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Tai-Burmese-Lao Buddhisms in the ‘Modernizing' of Ban Thawai (Bangkok): the Dynamic Interaction Between Ethnic Minority Religion and British–Siamese Centralization in the Late Nineteenth/Early Twentieth Centuries
Author Choompolpaisal, Phibul
Source Contemporary Buddhism: An Interdisciplinary Journal
Volumev.14 n.1
Date2013.05
Pages94 - 115
PublisherRoutledge
Publisher Url https://www.routledge.com/
LocationAbingdon, UK [阿賓登, 英國]
Content type期刊論文=Journal Article
Language英文=English
KeywordBuddhism; Study & Teaching of Bilingual Education; Multiculturalism; Burmese Social Conditions
AbstractDrawing on extensive Thai literary and oral history sources this article sets out to explain the complex social, political, ethnic and religious framework within which the opening by ‘the Irish Buddhist’ U Dhammaloka of a free, bilingual and multi-ethnic Buddhist school at Wat Ban Thawai, Bangkok in May 1903 acquires a broader and deeper significance. The article documents the mutual relationships between the local Buddhisms of Tai, Burmese and Lao ethnic minorities and the politics of British-Siamese alliance in the period before and during the First World War. It examines the British-Siamese support of these Buddhist communities in Bangkok and explores the British-Siamese use of their diplomatic relationship with the Tai, Burmese and Lao ethnic minorities in Ban Thawai and elsewhere (i.e. across the borders between Siam and Burma) in order to centralize power. It also discusses the anomalous effect of British and French influence in Ban Thawai which allowed local resistance to Siamese centralization and saṅgha reform.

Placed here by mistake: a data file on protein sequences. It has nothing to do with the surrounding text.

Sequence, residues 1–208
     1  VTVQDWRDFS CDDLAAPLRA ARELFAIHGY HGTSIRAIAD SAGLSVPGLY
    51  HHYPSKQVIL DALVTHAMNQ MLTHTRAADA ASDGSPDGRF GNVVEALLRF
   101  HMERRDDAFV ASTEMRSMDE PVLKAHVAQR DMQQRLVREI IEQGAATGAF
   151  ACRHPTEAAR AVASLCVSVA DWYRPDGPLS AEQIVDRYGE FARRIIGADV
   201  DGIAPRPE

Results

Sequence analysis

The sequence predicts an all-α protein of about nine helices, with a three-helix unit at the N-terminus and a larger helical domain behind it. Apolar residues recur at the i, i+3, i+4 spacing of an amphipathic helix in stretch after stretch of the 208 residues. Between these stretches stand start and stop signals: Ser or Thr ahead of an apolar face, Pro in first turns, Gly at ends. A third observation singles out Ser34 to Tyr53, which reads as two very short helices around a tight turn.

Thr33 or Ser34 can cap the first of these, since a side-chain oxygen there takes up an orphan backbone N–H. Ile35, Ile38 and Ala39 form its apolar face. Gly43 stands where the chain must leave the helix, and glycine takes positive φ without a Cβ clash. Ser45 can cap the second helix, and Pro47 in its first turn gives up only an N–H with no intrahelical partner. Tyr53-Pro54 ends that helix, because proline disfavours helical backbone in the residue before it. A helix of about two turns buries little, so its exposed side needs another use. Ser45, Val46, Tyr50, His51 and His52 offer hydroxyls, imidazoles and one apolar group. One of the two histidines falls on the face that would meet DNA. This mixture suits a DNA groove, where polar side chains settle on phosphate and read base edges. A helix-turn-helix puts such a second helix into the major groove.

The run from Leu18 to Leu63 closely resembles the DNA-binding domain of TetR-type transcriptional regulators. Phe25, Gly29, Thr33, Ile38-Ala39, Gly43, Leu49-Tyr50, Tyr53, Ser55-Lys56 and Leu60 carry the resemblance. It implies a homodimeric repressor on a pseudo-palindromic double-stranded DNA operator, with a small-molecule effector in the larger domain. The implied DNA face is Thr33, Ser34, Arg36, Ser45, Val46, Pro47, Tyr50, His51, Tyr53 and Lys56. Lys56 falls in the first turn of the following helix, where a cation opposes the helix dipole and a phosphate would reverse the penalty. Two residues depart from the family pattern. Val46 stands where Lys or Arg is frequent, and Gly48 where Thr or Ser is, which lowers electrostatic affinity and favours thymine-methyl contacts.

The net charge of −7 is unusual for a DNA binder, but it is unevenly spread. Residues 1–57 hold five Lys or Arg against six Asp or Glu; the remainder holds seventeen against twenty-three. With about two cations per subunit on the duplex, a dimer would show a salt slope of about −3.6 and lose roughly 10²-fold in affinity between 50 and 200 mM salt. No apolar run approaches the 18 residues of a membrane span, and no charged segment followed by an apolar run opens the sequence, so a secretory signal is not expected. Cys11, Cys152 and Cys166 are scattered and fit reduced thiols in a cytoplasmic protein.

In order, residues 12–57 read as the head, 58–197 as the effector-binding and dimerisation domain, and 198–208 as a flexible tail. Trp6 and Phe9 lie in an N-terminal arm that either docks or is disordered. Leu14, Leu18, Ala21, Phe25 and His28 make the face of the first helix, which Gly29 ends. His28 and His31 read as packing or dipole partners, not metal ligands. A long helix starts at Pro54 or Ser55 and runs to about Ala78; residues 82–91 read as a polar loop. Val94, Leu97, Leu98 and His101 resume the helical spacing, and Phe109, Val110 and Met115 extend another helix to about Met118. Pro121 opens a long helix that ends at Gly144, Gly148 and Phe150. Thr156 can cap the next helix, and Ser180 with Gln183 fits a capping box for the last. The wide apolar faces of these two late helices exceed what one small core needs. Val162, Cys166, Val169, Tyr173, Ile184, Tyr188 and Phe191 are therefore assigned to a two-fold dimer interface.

Table of contentsIntroduction 94
British colonization and British-Siamese centralization mid nineteenth to early twentieth centuries 96
Key events: treaties, transformation of the urban landscape and migration 98
The Bowring and other treaties and their consequences 98
The transformation of the urban landscape in Bangkok 100
Migration, mid-1880s to early 1900s 101
Royal marriages 102
Tai-Burmese-Lao Buddhist communities at four important temples in Ban Thawai under British-Siamese support and control 104
Political control of temples 104
Unexpected fruits of this control 105
Conclusion 109
Acknowledgements 110
Notes 110
References 113
Material in Thai 113
Material in English 114
ISSN14639947 (P); 14767953 (E)
DOI10.1080/14639947.2013.785241
Hits86
Created date2013.07.29
Modified date2017.07.14



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